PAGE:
HARRISONBURG, VA. (Mennonite Mission Network) On a list of mission possibilities, “peace missionary in Harrisonburg, Va.,” at first glance sounds about as necessary as selling bathing suits in Anarctica.
Nineveh it’s not. But neither is it Walden Pond, even for the area’s diehard pacifists from the Anabaptist tradition.
Four women make up an intentional community in Harrisonburg called “Peace House.” One of their favorite Internet tools in this endeavor is the Third Way Café
Web site produced by Mennonite Media of Mennonite Mission Network.
“Our intention,” said community member Tamara Gill, “is to be accessible to those who don’t know much about Mennonites. It seems like Third Way Café’s goals are similar.”
According to its own Web site, the goal of Peace House is for its members (and the church) “to cultivate genuine relationships between JMU students from ‘post-modern culture’ and the Mennonite community.” A ministry support team from the Harrisonburg District oversees the work of Peace House and meets with community members approximately once a month.
Alicia Horst noted that last year a non-Mennonite living in the house perused Third Way Café frequently because he found it was a good tool to become better acquainted with Mennonite beliefs.
“The people we connect with might have heard of Mennonites or confused them with Mormons or Amish. Third Way Café seems to be intersecting with the same kinds of people,” said Alicia Horst.
Seekers indicate that Third Way Café is a “good place to go to find what kinds of issues Mennonites are interested in, about the Mennonite peace stance and the peace stories,” said Horst. The Peace House webpage links to Third Way Café.
Peace House residents have found students to be positive and deeply interested in peace and social justice. Carmen Horst said the usual response she hears when talking with kids about Peace House and its purposes is, “Ah, peace…. Cool!” Peace House members also gather for worship on Wednesday and Friday mornings. They read the Bible aloud a chapter at a time and discuss what they read.
On Thursday evenings they share a community meal, issuing a standing invitation to all contacts to drop by for dinner, conversation and hanging out around an old table in the dining room. During special coffeehouse nights, people gather in the living room around a fireplace and donated baby grand piano.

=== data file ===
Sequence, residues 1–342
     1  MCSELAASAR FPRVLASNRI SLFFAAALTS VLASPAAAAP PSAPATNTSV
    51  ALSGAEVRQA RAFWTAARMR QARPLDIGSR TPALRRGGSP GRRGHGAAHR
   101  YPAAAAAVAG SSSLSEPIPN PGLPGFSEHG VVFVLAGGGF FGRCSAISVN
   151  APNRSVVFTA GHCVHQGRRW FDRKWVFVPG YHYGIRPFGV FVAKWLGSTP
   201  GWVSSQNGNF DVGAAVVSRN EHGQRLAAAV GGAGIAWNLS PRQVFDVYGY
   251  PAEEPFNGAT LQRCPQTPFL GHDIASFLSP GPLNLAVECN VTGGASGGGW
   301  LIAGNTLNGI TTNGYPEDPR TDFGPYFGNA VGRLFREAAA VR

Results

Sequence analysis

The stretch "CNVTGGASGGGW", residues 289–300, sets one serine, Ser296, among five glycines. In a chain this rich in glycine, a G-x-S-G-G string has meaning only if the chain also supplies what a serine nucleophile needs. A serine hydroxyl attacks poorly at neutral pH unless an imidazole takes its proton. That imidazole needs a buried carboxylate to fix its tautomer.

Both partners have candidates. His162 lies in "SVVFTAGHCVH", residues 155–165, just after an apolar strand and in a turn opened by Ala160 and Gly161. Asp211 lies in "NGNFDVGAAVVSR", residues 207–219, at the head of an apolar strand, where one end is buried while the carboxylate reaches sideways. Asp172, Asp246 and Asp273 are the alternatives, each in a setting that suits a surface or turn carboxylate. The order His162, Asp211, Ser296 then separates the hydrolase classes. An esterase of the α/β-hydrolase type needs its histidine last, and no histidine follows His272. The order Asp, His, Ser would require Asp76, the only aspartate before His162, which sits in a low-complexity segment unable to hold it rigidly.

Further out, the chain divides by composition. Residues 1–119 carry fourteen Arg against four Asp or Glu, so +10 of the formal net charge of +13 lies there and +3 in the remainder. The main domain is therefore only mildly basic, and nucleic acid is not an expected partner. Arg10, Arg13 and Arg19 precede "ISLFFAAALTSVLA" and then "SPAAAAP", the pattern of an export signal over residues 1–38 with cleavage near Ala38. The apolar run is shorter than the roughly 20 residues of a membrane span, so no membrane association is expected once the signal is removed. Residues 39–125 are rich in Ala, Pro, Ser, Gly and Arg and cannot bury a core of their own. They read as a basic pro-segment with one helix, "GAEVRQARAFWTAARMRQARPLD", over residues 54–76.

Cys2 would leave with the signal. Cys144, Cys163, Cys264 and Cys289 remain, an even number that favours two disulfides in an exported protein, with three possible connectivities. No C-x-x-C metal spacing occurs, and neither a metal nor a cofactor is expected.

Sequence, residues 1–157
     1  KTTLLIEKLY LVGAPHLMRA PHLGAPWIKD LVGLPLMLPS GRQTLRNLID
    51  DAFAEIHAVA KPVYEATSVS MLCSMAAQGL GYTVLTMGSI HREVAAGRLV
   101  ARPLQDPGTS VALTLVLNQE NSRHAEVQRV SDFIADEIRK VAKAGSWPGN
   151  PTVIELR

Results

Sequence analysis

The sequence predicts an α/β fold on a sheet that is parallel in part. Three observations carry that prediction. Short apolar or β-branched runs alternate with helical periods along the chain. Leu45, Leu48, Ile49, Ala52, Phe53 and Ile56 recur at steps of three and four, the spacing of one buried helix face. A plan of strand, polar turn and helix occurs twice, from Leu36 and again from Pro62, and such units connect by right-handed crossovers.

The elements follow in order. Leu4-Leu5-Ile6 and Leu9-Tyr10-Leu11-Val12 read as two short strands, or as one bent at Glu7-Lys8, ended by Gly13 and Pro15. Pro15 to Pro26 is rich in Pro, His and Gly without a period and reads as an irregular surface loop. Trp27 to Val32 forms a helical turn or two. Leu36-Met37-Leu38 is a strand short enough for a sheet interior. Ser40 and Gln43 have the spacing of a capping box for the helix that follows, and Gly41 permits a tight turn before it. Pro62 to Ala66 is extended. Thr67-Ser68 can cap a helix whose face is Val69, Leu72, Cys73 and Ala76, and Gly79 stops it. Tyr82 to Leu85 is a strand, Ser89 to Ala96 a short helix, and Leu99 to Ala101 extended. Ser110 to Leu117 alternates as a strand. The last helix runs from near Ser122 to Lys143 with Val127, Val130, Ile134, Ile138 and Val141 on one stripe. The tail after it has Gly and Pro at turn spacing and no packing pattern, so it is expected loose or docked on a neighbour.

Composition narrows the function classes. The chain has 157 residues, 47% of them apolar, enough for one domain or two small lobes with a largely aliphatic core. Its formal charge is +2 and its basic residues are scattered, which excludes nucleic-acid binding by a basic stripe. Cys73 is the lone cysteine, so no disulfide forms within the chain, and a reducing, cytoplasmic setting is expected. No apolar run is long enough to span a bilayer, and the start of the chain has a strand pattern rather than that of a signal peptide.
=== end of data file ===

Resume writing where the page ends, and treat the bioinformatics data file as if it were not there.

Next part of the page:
The residents take turns preparing the community meal, as well as sharing all other household chores. Three of the current residents this year study at nearby Eastern Mennonite Seminary
and one is a recent graduate. Some years there have been JMU students living at Peace House, which made for more natural connections to the campus.
This year Peace House community members include Tamara Gill, Wooster, Ohio; Jennifer Weaver, Lancaster, Pa.; Carmen Horst, Chambersburg, Pa.; and Alicia Horst, Harrisonburg.
Gill brings a passion for building community. She previously volunteered with four local ministries in Ohio and one day hopes to work with a church as a community resource person.
Weaver wants to work in some way with teaching or teacher education. Carmen Horst served earlier with Mennonite Central Committee in El Salvador for three years and became very interested in Biblical languages.
Alicia Horst, in her second year at Peace House, works fulltime for Big Brothers/Big Sisters of Harrisonburg/Rockingham County and earned a master's of divinity degree from EMS in 2006. She does not plan to become a pastor but is interested in cross-cultural aspects of the church, particularly how the global south has more Mennonites than the north.
“We work at finding ways for the church to be relevant in the world,” explained Alicia Horst.
They also help people connect with pacifist traditions in other Christian churches.
However, the mission of Peace House is not to make converts; the residents are more interested in conversation and dialogue than getting anyone to attend church services. The four attend different congregations, from traditional but outreach-oriented Mennonite churches to two of the more experimental congregations in the area.
Gardening, walking the dog, baking cookies to share with neighbors, and participating in city events and JMU discussions are some of the ways the house members work at connecting in the community. They also hope to start a Bible study for children.
“I’ve learned many valuable lessons this year,” says Gill, “like how to create dialogue between people—how people can voice different opinions respectfully and build meaningful connections.”
For more information on Peace House, visit their Web site
, call (540) 432-3659 or write them at 264 Old South High Street, Harrisonburg, VA, 22801 or firstname.lastname@example.org